It was a bitter blow for the United Auto Workers when it narrowly lost a bid to represent assembly line workers at Volkswagen’s Chattanooga, Tenn. plant. The results provide lessons for the once-mighty union.
It was a down and dirty fight. Hourly workers voted 833-776 against the union, keeping foreign automakers with plants in the South free of organized labor. It was the second union rejection at the plant in five years.
While the German automaker officially kept a neutral stance, there was heavy politicking for a “no” vote by prominent politicians, including Tennessee Gov. Bill Lee and U.S. Sen. Marsha Blackburn, both Republicans.
They said the UAW presence would scuttle economic growth in the state, making it less attractive to manufacturers who otherwise might come to or expand in Tennessee. In perhaps an unprecedented move, Gov. Lee met privately with the workers in April to argue against the union. Blackburn said in advance, “We don’t need union bosses in Detroit telling Tennessee what’s best for our workers.”
The union, based in Detroit, knew the stakes were high, and it worked feverishly to get approval to represent 1,700 full-time workers. The plant, opened in 2011, also has about 3,200 temporary workers. The union has about 5,000 members in Tennessee working at General Motors plants in Spring Hill and Memphis. And, all of VW’s major plants worldwide are unionized, providing a measure of hope to the UAW.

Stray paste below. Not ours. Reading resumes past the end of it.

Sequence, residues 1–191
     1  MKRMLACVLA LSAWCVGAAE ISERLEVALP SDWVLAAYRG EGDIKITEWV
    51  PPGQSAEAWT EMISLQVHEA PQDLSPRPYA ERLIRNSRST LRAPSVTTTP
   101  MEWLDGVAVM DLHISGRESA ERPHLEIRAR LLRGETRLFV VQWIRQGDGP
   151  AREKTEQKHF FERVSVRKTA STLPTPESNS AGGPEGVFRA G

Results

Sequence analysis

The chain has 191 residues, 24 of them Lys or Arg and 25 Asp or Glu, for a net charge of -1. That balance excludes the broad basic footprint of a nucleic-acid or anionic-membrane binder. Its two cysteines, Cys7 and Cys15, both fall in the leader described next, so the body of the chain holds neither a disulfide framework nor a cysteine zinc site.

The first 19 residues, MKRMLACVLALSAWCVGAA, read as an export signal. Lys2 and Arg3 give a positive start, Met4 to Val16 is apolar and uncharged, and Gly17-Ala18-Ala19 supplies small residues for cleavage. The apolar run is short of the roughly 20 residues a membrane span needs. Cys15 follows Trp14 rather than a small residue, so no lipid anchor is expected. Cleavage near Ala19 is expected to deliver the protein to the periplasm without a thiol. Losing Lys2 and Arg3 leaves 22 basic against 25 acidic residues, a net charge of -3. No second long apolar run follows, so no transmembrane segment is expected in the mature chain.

The union contends there were “threats” and “intimidation” that affected the outcome, but the political sway-power and at least one other issue seem to have made the difference.
One ding against the UAW, raised by some prior to the vote, was the recent corruption problems among some key players at the union. In the past two years, five people related to the UAW, including one top official, have been convicted of misspent union or union-automaker funds or related crimes, and most are serving or have served time behind bars. None of it involved the VW organizing effort.
This is not the way the UAW wanted to enter its nationwide contract talks with GM, Ford Motor, and Fiat Chrysler, likely to start next month.
But the vote shows the UAW, which once had 1.5 million members and now is down to 400,000, that winning in the country’s current labor environment isn’t easy, especially in the South. To do so, it needs to keep its own house clean and to find ways to counter dire economic predictions by politicians, perhaps using the grassroots community activism shown by striking teachers in West Virginia that won community support rather just pursuing a media campaign to try to win votes in the plant.